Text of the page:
7. What types of homework assignments do you give regularly?
Usually some sort of preview/review assignment. For AP, homework is essential with the massive amount of information to cover. For academic, it’s nice to have the kids looking at the material outside of the classroom. They have more time to deal with the text, reading, video, etc.
8. How frequently do you assign homework?
Nightly. There are exceptions for nights before an assessment. But, usually there is some sort of something going on every night.
9. What interventions do you have for students who do not do homework?
It will kill their grade. Many of these are formative and are meant to help both them and me see what they know. It becomes an excellent tool for when kids complain about their grade or at the end of the quarter when kids beg for ways to improve their scores. If kids aren’t doing their homework, they’re not doing their part.
10. What types of educational technology tools do you use in the classroom? (hardware, apps, or websites)
Well, besides the very lovely Freeman-pedia.com, there are many invaluable FREE tools that I use. I love remind.com. Message kids directly to that device that is glued to their hands. Also, I used to use Edmodo.com, but our county bought our own communication tool (which is much worse) and they have us using that (it’s called Phoenix. It’s terrible). YouTube is amazing. Kids could easily not go to school and just learn everything they need from YouTube. I use my site as the resource for the class. Kids can get notes, links, and tons of videos we never get to in class to help them get the key concepts. It really serves as a substitute teacher for me from 3:48pm to 8:59am when I’m not around.
11. What is your opinion on the use of textbooks? How do you incorporate them into the class (or if not, why do you not include them?)
I hate textbooks. At this point, the stigma they bring with them makes them not worth the trouble. Kids hate to carry them, read them, or use them. I like to use excerpts or more curriculum specific content I find online. This way, there aren’t these tertiary topics/ideas that students don’t need.
12. What program (i.e. Google Sites, Weebly) did you use to create your website?
My site was originally on wikispaces.com. I started it as a class project and it kinda morphed from there. I use Squarespace now. It ports perfectly to mobile/phones/tablets. Plus, they host the site and allow for financial transactions. It is truly superior, but it also costs a small annual fee.
13. What editing software do you use to edit the images, maps, and class notes PDFs on Freeman-pedia.com?
This often freaks people out, but I just use Microsoft Word. I add images, text, notes, and edit all in word documents. There is a TON of layering going on, but I just started using word and have just gotten really good at it.
14. Do students regularly use the website to complete assignments or is it more to augment learning already taking place in class?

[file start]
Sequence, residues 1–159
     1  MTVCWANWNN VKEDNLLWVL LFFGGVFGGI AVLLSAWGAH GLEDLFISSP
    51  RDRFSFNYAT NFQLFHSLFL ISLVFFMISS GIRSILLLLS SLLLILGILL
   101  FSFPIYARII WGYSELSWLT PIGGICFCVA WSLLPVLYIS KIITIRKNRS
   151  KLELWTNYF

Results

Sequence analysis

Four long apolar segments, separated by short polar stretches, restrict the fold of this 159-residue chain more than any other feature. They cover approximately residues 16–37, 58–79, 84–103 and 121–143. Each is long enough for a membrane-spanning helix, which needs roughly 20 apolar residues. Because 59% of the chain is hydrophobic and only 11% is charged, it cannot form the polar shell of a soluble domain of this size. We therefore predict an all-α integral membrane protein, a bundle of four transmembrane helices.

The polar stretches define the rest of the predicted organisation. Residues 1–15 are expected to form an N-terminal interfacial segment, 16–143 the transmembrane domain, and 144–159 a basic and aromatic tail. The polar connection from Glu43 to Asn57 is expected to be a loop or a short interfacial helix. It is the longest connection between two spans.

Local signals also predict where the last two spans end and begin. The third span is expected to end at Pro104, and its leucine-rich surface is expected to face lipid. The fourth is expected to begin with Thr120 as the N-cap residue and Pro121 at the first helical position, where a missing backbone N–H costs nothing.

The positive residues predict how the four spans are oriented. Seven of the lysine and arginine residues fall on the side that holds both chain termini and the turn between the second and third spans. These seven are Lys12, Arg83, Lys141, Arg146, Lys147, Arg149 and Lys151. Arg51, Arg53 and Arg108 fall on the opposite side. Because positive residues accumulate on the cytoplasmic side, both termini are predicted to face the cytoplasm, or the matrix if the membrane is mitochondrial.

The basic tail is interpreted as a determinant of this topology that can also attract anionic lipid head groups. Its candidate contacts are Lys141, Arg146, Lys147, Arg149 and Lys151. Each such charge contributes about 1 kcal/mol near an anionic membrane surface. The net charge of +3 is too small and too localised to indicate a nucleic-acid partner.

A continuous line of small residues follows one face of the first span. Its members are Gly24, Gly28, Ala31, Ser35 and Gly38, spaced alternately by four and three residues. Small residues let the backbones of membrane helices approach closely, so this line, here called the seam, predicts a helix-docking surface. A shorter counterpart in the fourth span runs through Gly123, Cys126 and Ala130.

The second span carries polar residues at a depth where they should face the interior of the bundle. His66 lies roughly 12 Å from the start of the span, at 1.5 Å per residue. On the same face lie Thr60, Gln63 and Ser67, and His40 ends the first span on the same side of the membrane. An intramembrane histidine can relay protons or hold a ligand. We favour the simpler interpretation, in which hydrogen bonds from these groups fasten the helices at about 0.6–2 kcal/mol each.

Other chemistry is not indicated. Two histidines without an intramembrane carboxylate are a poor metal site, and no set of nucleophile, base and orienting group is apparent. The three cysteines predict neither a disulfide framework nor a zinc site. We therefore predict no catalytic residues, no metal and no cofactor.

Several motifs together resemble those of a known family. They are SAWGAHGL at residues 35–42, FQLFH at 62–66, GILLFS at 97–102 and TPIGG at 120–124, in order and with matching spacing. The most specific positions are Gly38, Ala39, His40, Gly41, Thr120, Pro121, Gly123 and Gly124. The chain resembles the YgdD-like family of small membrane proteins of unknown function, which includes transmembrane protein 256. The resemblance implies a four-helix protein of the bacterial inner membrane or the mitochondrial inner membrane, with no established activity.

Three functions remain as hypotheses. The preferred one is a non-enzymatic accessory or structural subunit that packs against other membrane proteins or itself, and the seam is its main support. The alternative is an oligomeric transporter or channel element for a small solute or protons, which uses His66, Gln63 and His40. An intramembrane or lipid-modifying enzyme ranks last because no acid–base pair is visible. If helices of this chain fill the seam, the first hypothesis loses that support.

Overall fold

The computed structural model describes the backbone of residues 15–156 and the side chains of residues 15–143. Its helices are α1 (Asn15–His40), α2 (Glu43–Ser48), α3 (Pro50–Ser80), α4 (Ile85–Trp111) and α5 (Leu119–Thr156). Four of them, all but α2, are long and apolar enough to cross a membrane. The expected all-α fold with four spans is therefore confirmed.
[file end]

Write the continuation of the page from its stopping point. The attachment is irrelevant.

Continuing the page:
A little of both. Most often, it is used as secondary source for them to find what they need (class info, historical info, etc.) There is no running homework assignment where the kids need to go to the website every night. It is more of a resource.
15. How long did it take to create the website?
This is year eight. At first, it was a group project for kids after the AP Exam. But, I then streamlined the whole thing and began formatting, improving, etc. Once I had the foundation, I’ve been going and building/amending/improving nearly all the time. So, it’s a constant struggle/pleasure. It’s become my weird hobby. I work on it all summer. Kids make fun of me whenever we are going over something I’ve created in class, I’ll point out some aspect of it and before I can even finish, they take the words right out of my mouth, “…these things don’t make themselves!”
16. How do you squeeze all the information necessary for the AP exam into your class? Do you ever have to make sacrifices? What are some creative ways that you have found ways to squeeze content in to stay on track?
You don’t. It’s impossible. There are some teachers who claim to get through everything they need with weeks to review at the end of the year. I find this hard to believe. Or maybe I go into a bit too much detail. So, there are always sacrifices. Cramming content in can be difficult.
17. What tips or advice would you offer a middle school teacher making the jump to high school? What advice would you offer a teacher looking to start teaching AP classes?
Although I’ve never taught Middle School (or ever will, seems impossible!), my advice would be that they are slightly taller, voices slightly deeper; but, they are the same. They are kids. The things that get them excited about learning/topics/ideas, etc. don’t change. Kids are kids. You will adjust in no time. AP… Hmmm… AP is a monster. AP is Smaug. AP is Everest. Know going in that your first year will not go as planned. You will look up and see that you have two weeks before the test and you are literally in the trenches of WWI. The phrase I like to tell AP first year teachers is, “it get’s better.” Your best year of teaching AP World will be year two. You basically stay a second year AP teacher the rest of your career. What worked last year; what bombed last year. Keep the good, dump the bad. Repeat. As for content, you’ll never get it all. It’s “everything that’s ever happened…ever”. Focus on getting the kids into history, introducing them to new ideas/people/cultures. The rest will fall into place.
Well there you have it folks. It's clear that Mr. Freeman is a passionate and innovative educator. I'm sure that many students are fighting to take his class every year. The effort he has put into his website alone is enough to make him a superstar but his passion for education and ability to make history come alive is what really impresses me. Please stay tuned for the next installment of Social Studies Superstar Spotlight!
|Mr. Freeman's Classroom|